“Big businesses might use it as an opportunity to buy smaller ones,” he predicts. “Acquisitions will become cheaper, and some will get done this year. We had some engagement going into the crisis.
“What usually happens in a crisis is mergers increase – there will be fewer operators and less competition for the big boys. There will be far fewer Atol holders in the long run, too.”
Stoakes is confident firms will invest in a strong business if it is profitable and growing.
However the domestic market will rebound quicker and stronger than outbound, he predicts.
Fletcher agrees: “Restrictions on travel abroad are likely to endure for some time.
“Heavily asset-backed, UK staycation-focused companies with activity and wellbeing at the core of their offering will be super attractive,” he predicts.
“There has been a love affair in this space for private equity for some time, owing to the multiple revenue sources, predictable, recurring revenue, and real estate underpinning it, which is so attractive in uncertain times. In fact, scarcity value for well-run assets of this nature may well drive values in excess of pre-Covid levels.”
Stoakes adds companies with a variable cost base – and less dependent on heavy costs like staff and premises – will be seen as more desirable post-pandemic, citing Love Holidays and On the Beach as examples.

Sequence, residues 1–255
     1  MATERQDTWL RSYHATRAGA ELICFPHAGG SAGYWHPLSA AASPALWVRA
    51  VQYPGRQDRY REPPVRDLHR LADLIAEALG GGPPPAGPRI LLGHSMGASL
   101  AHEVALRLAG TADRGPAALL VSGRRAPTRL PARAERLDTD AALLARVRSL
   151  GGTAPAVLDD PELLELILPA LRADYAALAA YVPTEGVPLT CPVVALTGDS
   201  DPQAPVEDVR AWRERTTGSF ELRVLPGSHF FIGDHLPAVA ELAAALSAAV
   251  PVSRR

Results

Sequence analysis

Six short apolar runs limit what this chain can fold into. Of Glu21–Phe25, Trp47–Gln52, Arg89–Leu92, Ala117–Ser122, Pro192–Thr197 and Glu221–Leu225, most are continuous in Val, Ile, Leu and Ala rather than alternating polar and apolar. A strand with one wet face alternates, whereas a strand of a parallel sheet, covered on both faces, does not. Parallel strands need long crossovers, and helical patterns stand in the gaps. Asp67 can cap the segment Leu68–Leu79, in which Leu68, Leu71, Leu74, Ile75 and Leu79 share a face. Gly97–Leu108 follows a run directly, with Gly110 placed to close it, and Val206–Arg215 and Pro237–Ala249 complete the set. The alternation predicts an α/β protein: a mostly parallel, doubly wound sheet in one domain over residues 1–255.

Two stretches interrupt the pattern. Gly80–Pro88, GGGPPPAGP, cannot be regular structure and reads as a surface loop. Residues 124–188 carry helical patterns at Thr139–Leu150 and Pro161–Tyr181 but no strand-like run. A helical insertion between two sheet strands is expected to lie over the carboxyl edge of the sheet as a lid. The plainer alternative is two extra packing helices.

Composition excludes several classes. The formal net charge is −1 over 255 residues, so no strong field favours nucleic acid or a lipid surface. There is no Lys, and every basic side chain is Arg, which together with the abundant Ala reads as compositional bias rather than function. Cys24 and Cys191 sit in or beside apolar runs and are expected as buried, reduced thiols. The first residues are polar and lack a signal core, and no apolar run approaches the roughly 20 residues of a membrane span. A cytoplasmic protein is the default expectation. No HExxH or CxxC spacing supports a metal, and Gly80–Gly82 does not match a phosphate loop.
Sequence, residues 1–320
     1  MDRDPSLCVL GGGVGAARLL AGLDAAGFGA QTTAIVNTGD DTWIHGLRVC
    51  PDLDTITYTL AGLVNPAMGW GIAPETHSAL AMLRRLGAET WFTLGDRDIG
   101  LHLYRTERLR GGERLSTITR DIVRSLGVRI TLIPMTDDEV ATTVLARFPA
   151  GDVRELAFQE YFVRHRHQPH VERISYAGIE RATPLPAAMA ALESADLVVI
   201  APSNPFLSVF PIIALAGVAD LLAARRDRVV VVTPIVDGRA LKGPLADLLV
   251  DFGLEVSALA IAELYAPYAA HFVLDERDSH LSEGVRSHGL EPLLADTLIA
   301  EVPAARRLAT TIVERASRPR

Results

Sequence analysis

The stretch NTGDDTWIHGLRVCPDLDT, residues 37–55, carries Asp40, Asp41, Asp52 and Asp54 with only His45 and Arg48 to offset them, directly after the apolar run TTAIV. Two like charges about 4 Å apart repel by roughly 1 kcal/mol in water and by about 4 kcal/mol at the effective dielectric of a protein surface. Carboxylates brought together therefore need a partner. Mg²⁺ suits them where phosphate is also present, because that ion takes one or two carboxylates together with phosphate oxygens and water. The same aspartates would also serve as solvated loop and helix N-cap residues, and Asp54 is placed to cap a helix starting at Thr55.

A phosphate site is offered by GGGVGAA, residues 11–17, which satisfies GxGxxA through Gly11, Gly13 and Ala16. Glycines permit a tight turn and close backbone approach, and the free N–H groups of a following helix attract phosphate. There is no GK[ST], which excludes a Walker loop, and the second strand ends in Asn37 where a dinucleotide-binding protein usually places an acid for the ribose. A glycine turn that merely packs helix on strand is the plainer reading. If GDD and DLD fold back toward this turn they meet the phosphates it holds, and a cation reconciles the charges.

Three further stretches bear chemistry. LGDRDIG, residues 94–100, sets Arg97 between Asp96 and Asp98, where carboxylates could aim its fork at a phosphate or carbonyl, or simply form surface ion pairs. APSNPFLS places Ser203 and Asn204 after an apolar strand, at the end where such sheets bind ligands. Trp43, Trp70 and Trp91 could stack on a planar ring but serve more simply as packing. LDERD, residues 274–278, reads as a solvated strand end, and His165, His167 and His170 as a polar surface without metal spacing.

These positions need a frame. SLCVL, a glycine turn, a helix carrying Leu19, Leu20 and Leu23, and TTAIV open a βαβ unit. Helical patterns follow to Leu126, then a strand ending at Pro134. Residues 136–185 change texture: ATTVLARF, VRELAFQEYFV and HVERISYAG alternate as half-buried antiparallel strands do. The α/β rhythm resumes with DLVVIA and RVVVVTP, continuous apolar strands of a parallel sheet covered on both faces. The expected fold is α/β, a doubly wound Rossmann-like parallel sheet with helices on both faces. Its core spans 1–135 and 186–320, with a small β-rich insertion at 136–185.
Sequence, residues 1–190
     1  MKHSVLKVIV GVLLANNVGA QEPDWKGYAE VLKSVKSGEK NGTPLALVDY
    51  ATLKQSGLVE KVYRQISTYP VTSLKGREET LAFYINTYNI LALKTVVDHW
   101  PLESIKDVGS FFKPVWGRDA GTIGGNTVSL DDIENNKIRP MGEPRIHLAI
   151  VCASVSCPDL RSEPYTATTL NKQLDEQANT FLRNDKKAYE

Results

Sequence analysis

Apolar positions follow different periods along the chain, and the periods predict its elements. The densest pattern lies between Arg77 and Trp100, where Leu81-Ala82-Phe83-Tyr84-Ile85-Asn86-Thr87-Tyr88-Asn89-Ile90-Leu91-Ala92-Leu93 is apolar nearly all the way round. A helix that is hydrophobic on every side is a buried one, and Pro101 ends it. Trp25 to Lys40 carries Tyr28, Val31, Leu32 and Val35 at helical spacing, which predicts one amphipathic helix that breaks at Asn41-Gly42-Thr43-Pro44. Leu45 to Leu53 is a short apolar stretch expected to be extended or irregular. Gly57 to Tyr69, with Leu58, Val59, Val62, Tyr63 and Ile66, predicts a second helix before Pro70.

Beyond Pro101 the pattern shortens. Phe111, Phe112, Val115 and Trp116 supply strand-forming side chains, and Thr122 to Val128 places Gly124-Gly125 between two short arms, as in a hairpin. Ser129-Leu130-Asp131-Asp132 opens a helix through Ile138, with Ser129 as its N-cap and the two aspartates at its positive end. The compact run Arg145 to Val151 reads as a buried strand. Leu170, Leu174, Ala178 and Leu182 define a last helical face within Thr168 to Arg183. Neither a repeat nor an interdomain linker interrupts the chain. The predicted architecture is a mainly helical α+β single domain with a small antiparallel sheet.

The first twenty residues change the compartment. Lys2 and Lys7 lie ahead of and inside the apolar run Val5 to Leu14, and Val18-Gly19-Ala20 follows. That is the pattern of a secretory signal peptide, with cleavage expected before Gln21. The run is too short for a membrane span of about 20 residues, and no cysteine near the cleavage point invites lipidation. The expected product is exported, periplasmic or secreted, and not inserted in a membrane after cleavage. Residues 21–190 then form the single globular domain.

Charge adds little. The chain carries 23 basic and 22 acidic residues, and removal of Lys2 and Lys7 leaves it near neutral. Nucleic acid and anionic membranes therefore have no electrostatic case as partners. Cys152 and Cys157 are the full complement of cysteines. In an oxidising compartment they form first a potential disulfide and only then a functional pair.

And BDO and Fletcher agree online travel sellers may gain market share, too.
Tom Urquhart, BDO corporate finance senior manager, explains: “With everyone forced into lockdown there will be an acceleration towards online booking as people gain confidence doing things online.”
Fletcher adds: “Distribution channels such as reader offers and tour brochures do have a place in the travel market, but a digital led, omni-channel offering that satisfies the customers’ requirements before, during and after a trip, is the only direction of travel for this market.”
This may coincide, the experts predict, with a decline in confidence of the grey market.
“Older travellers have driven most of the private equity investment into the travel industry over the last five years. However, you would imagine this segment being hardest hit, and taking the longest to recover, particularly if additional travel restrictions are placed on them,” predicts Alcock.
So what’s the advice then for travel businesses that were looking to sell or seek investment before the coronavirus crisis hit? The experts advise focusing on improving your business.
“It might not be until this time next year that you are in a healthy position, and at that point you can sell or build you business back to a position to sell it,” advises Stoakes.
Fletcher adds: “Continue to demonstrate an ability to innovate… find a reason to exist that is exclusively yours.
“If seeking a minority investment, don’t always be obsessed with headline value offered to the investor.”
Alcock asserts: “Unless you are in a distressed situation, I wouldn't advise starting a sales process now. It would be better to use this time to focus on your business and build your strategy for getting back to pre-Covid levels.
“I would also suggest spending time identifying and fixing weaknesses, reviewing your team and your internal processes.”
By all accounts, it sounds like those businesses that figure out how to speak to a changed, more cautious consumer will thrive in the long run.